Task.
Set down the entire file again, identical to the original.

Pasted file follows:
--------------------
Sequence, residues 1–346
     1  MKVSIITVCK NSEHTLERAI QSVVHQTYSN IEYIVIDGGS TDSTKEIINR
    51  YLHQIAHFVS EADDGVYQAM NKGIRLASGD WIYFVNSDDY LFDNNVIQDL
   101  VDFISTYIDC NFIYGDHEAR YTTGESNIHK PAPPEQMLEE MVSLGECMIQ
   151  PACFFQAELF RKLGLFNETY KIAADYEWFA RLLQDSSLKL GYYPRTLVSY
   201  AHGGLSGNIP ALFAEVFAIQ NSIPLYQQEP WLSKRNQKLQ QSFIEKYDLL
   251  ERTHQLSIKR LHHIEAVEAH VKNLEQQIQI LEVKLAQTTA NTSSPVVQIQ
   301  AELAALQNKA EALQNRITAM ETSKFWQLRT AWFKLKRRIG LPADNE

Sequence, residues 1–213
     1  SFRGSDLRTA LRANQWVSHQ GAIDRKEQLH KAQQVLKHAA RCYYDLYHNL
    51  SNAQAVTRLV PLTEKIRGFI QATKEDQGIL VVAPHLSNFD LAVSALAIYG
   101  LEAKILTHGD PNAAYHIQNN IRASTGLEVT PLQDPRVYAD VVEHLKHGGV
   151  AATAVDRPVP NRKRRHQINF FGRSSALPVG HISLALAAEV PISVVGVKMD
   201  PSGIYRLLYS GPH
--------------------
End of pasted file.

Sequence, residues 1–346
     1  MKVSIITVCK NSEHTLERAI QSVVHQTYSN IEYIVIDGGS TDSTKEIINR
    51  YLHQIAHFVS EADDGVYQAM NKGIRLASGD WIYFVNSDDY LFDNNVIQDL
   101  VDFISTYIDC NFIYGDHEAR YTTGESNIHK PAPPEQMLEE MVSLGECMIQ
   151  PACFFQAELF RKLGLFNETY KIAADYEWFA RLLQDSSLKL GYYPRTLVSY
   201  AHGGLSGNIP ALFAEVFAIQ NSIPLYQQEP WLSKRNQKLQ QSFIEKYDLL
   251  ERTHQLSIKR LHHIEAVEAH VKNLEQQIQI LEVKLAQTTA NTSSPVVQIQ
   301  AELAALQNKA EALQNRITAM ETSKFWQLRT AWFKLKRRIG LPADNE

Sequence, residues 1–213
     1  SFRGSDLRTA LRANQWVSHQ GAIDRKEQLH KAQQVLKHAA RCYYDLYHNL
    51  SNAQAVTRLV PLTEKIRGFI QATKEDQGIL VVAPHLSNFD LAVSALAIYG
   101  LEAKILTHGD PNAAYHIQNN IRASTGLEVT PLQDPRVYAD VVEHLKHGGV
   151  AATAVDRPVP NRKRRHQINF FGRSSALPVG HISLALAAEV PISVVGVKMD
   201  PSGIYRLLYS GPH